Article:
Darryl Stewart
By Darryl Stewart

When terminating is a kindness and resigning is the right thing to do

Job ad
Photo by Yoel Ben-Avraham

When a new person joins your team they want to know what is expected of them; how long the commute is, what their pay cheque will be every two weeks. Basic stuff. Most people coast through this stage pretty quickly.

Next, people begin to explore how the new job makes them feel. Are they good at what is being asked of them? Are they getting positive feedback? Does anyone care about them or notice what they are doing and how well they do it? This is the self-esteem building phase of engagement.

If a job increases a person’s feeling of well-being and self-worth, then they can move on to even higher levels of engagement, merging their own ambition with that of the organization. If they don’t get this feeling, they are stuck in this phase, just putting in time at work. Many people get stuck right here. Stuck in a job that they don’t have the aptitude to be good at or stuck working for a leader who treats everyone the same, not validating the good work they are doing.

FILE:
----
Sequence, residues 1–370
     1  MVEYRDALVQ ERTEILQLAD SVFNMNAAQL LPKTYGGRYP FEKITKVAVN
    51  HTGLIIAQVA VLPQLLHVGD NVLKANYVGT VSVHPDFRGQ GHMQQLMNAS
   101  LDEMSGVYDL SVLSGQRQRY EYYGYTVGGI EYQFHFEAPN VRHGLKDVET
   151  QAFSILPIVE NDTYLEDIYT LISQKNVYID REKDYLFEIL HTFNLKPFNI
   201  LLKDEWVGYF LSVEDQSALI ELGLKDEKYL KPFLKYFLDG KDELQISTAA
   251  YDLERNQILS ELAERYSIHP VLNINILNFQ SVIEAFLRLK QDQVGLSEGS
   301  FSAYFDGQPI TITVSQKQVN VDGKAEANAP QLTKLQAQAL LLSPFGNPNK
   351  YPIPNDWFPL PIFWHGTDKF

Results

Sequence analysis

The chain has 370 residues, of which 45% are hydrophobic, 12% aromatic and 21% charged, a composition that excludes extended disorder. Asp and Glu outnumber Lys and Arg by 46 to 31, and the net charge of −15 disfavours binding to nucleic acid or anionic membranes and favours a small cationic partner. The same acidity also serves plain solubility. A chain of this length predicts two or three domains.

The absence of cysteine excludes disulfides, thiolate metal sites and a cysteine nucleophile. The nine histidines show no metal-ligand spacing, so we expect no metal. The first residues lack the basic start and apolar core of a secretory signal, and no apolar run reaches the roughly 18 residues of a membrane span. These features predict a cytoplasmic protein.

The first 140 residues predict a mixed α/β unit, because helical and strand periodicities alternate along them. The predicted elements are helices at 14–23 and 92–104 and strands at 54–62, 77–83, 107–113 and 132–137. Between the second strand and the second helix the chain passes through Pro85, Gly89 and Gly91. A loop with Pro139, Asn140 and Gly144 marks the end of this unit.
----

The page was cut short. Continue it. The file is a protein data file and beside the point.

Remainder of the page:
If you are doing great work for a leader who is not interested in you, you need to plan your departure at a time that works for you and not feel guilty about it.

If you are a leader and you can see that you are trapping someone, and all avenues to match their aptitude with the work available have been explored, you need to let them go. Though it may not seem like it at the time, terminating someone who is stuck in a job that they have no aptitude for is a kindness to them and to your organization.